The Federal Reserve System is responsible for tracking the amounts of M1 and M2 and prepares a weekly release of information about the money supply. For example, according to the Federal Reserve Bank’s measure of the U.S. money stock, at the end of February 2015, M1 in the United States was $3 trillion, while M2 was$11.8 trillion. A breakdown of the portion of each type of money that comprised M1 and M2 in February 2015, as reported by the Federal Reserve Bank, is provided in Table 1.

### Changing the Discount Rate

The Federal Reserve was founded in the aftermath of the Financial Panic of 1907 when many banks failed as a result of bank runs. As mentioned earlier, since banks make profits by lending out their deposits, no bank, can withstand a bank run. As a result of the Panic, the Federal Reserve was founded to be the “lender of last resort.” In the event of a bank run, sound banks could borrow as much cash as they needed from the Fed’s discount “window” to cover the bank run. The interest rate banks pay for such loans is called the discount rate. They are so named because loans are made against the bank’s outstanding loans “at a discount” of their face value. Once depositors became convinced that the bank would be able to honor their withdrawals, they no longer had a reason to make a run on the bank. In short, the Federal Reserve was originally intended to provide credit passively, but in the years since its founding, the Fed has taken on a more active role with monetary policy.

So, the third traditional method for conducting monetary policy is to raise or lower the discount rate. If the central bank raises the discount rate, then commercial banks will reduce their borrowing of reserves from the Fed, and instead call in loans to replace those reserves. Since fewer loans are available, the money supply falls and market interest rates rise. If the central bank lowers the discount rate it charges to banks, the process works in reverse.
The following video explains the impact of changes to the Fed’s discount rate.

In recent decades, the Federal Reserve has made relatively few discount loans. Before a bank borrows from the Federal Reserve to fill out its required reserves, the bank is expected to first borrow from other available sources, like other banks. This is encouraged by the Fed charging a higher discount rate than the federal funds rate. Given that most banks borrow little at the discount rate, changing the discount rate up or down has little impact on their behavior. More important, the Fed has found from experience that open market operations are a more precise and powerful means of executing any desired monetary policy.

## Try It: Chair the Fed

### Achieve Low Unemployment and Low Inflation Rates

We have now seen that the Fed has three primary goals and a set of tools at its disposal to help it achieve these goals. If you were the chairperson of the Federal Reserve, do you think that you could accomplish these goals? Let’s find out!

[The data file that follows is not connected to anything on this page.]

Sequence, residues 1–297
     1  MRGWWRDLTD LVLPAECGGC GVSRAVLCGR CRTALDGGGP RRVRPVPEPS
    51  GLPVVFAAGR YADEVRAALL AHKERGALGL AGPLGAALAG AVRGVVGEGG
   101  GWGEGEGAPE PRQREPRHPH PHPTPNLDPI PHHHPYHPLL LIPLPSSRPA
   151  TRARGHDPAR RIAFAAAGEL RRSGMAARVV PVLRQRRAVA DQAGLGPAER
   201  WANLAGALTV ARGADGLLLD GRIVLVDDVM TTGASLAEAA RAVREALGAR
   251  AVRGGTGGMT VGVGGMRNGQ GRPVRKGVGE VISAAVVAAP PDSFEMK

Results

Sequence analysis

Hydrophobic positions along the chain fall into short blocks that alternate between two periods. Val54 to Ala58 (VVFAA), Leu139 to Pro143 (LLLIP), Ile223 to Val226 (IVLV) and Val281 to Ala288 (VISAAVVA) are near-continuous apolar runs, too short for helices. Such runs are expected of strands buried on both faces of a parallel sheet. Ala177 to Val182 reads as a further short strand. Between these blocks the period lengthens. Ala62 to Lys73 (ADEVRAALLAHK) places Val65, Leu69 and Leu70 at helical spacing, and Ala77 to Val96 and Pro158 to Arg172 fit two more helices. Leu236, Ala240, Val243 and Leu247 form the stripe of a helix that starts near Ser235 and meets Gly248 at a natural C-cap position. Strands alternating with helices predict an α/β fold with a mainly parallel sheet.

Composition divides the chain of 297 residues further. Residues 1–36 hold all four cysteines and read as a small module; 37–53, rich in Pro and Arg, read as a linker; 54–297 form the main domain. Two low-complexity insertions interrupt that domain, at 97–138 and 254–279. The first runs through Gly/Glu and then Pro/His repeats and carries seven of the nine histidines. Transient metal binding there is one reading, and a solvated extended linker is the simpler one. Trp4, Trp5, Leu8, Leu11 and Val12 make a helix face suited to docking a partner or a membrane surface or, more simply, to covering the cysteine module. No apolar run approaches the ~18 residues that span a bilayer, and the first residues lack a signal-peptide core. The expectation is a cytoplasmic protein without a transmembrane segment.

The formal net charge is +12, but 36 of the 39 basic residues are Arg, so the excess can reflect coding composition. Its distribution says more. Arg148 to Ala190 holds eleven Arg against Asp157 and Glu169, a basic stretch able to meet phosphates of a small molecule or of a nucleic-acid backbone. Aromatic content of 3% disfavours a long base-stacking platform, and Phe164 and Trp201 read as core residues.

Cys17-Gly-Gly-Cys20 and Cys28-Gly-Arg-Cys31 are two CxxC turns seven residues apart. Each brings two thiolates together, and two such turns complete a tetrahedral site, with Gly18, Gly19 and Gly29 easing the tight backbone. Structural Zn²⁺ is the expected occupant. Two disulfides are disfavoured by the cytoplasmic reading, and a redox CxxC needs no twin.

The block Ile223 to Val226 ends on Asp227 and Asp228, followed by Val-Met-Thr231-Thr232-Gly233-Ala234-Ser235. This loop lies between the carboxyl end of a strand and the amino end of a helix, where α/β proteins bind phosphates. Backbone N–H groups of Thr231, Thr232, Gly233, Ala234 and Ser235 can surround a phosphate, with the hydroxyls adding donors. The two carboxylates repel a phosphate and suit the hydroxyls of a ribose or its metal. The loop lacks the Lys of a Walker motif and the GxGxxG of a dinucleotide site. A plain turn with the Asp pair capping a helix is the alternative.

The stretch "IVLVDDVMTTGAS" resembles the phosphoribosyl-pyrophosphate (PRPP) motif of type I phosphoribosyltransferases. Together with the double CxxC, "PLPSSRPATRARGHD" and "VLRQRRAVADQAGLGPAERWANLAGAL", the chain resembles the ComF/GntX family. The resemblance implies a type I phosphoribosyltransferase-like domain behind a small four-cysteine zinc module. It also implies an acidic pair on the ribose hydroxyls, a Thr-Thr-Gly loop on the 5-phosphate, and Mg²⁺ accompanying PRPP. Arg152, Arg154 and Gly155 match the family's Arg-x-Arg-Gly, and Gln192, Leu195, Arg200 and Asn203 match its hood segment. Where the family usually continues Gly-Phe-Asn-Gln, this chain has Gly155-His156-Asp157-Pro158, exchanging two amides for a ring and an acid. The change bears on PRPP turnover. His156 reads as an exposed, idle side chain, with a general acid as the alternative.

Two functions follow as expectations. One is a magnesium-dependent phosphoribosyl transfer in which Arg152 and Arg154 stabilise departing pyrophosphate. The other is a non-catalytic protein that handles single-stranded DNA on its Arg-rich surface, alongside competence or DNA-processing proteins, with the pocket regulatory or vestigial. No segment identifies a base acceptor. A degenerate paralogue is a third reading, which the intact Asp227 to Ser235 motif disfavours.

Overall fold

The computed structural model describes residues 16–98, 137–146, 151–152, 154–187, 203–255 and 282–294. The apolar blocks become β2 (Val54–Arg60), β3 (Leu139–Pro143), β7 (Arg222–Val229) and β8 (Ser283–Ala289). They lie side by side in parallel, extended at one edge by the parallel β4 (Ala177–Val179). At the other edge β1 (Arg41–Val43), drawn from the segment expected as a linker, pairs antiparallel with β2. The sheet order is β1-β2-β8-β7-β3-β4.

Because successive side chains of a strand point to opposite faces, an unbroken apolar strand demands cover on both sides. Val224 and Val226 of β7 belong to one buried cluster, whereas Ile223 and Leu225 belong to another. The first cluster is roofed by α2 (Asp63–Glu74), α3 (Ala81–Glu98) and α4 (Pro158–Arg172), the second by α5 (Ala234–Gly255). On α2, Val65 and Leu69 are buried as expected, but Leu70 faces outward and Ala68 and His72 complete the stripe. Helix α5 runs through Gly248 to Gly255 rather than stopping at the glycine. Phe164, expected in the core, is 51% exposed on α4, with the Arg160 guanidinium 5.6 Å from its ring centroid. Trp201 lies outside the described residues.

After reading the following information, click on the Chair the Fed link below, which will take you to the Federal Reserve Bank of San Francisco Web site, where YOU will act as the Chair of the Fed. By manipulating the fed funds rate, you will try to keep inflation and unemployment at target rates.

### Instructions for Playing the Game

The game puts the player in the role of setting monetary policy as Chair of the Fed. The goals are as follows: inflation (2 percent) and unemployment (5 percent). Remember that the fed funds rate is the primary tool for monetary policy and is shown on the game screen (green line in the chart area is initially set at 4 percent rate).

Record the starting levels for inflation, unemployment, and the fed funds rate (2.11 percent, 4.68 percent, and 4.00 percent, respectively) in your notes by making a small table with four columns labeled: Quarters Remaining, Inflation, Unemployment, and Fed Funds Rate.

Review the “rules” and functions of the simulation by clicking on “YOUR JOB.” Once you have familiarized yourself with the way the simulation works, you are ready to “GO.”

Start the game by clicking on the “Go” button. Once the first quarter is completed (fifteen quarters remaining), record all three rates. Using  the “raise” and “cut” buttons, make adjustments to the fed funds rate. The information in the headline reflects changes in the levels of inflation and unemployment.

Work through the remaining fifteen quarters, pausing to review each headline and record the new values of inflation and unemployment.

The game ends on an announcement screen indicating “Congratulations” if the Chair has kept the economy on track (close to the goals for inflation and unemployment) or “Sorry” if the goals have not been met.

Good Luck!

Play the Chair the Fed Simulation